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Cruz confirms Senate reelection bid but leaves open option to seek presidency in 2024

Sen. Ted Cruz, R-Texas, talks to reporters after Senate Republicans met behind closed-doors to hold their leadership elections, at the Capitol in Washington, Wednesday, Nov. 16, 2022. Senate Minority Leader Mitch McConnell, R-Ky., held off a challenge by Sen. Rick Scott, R-Fla., an ally of former President Donald Trump. (AP Photo/J. Scott Applewhite)

Cruz confirms Senate reelection bid but leaves open option to seek presidency in 2024

David M. Drucker

November 19, 04:05 PM November 19, 04:05 PM

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LAS VEGAS — Sen. Ted Cruz (R-TX) is running for reelection to the Senate in 2024 but is not ruling out jumping into the race for the Republican presidential nomination at a later date.

Cruz spoke Saturday to an annual gathering of the Republican Jewish Coalition, which is considered the unofficial start of the GOP campaign to nominate a 2024 standard-bearer, four days after former President Donald Trump launched his bid to reclaim the White House. Cruz, who was well received by Republican Jewish Coalition members, concluded with remarks about his difficult reelection in 2018, as well as a solicitation for contributions to his Senate campaign.

During a subsequent news conference, Cruz confirmed he is seeking a third term in the Senate. “I’m running for reelection in the Senate. I’m focused on the battles in the United States Senate,” Cruz told reporters. “We need to stand and fight against these policies that are inflicting so much harm on Americans across this country.”

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At the same time, the senator refused to close the door on a 2024 White House bid.

“You can consider whatever you like,” Cruz said, when asked if running for reelection means he should no longer be considered a potential 2024 contender. “There will be plenty of time to discuss 2024 presidential. I get that that is a lot of fun in the media to do. There will be plenty of time for that.”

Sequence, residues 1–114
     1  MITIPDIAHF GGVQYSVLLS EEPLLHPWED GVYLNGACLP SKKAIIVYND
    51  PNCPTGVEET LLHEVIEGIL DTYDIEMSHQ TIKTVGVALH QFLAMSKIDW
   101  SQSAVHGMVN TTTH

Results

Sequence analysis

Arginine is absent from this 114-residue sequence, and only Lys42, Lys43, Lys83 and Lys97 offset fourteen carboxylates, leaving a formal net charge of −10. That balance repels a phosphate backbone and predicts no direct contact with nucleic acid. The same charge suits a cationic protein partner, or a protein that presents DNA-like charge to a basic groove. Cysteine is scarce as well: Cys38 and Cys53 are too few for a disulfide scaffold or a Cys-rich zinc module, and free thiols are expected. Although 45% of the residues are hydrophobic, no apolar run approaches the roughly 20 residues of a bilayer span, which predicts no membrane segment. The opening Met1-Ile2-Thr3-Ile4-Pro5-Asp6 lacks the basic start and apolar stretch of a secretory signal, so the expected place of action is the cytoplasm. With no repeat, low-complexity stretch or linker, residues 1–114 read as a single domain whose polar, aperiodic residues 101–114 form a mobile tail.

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Cruz sought the White House in 2016, finishing second to Trump in the race for the Republican nomination.

The senator has described the experience as among the most fun he has ever had in his life, other than losing, and Republicans have a history of picking the runner-up the next time the party holds an open primary. Those two factors would suggest a Cruz presidential campaign is in the offing. But Trump’s decision to run has complicated the senator’s plans.

For several months, Cruz has said he would make no decision until he knew what Trump was going to do, signaling he was not in a hurry to engage in another fight for the nomination with the former president. Trump made his White House plans official Tuesday evening in a speech from Mar-a-Lago, his residence and private social club in Palm Beach, Florida.

Several Republicans are eyeing a presidential bid.

President Joe Biden is telegraphing plans to run for reelection despite his age (he turns 80 on Sunday). But the Democrat has said he will not make a final decision until sometime next year. The Republican Party’s poor showing in the midterm elections and Trump’s weakened political position appear to be encouraging Biden to run.

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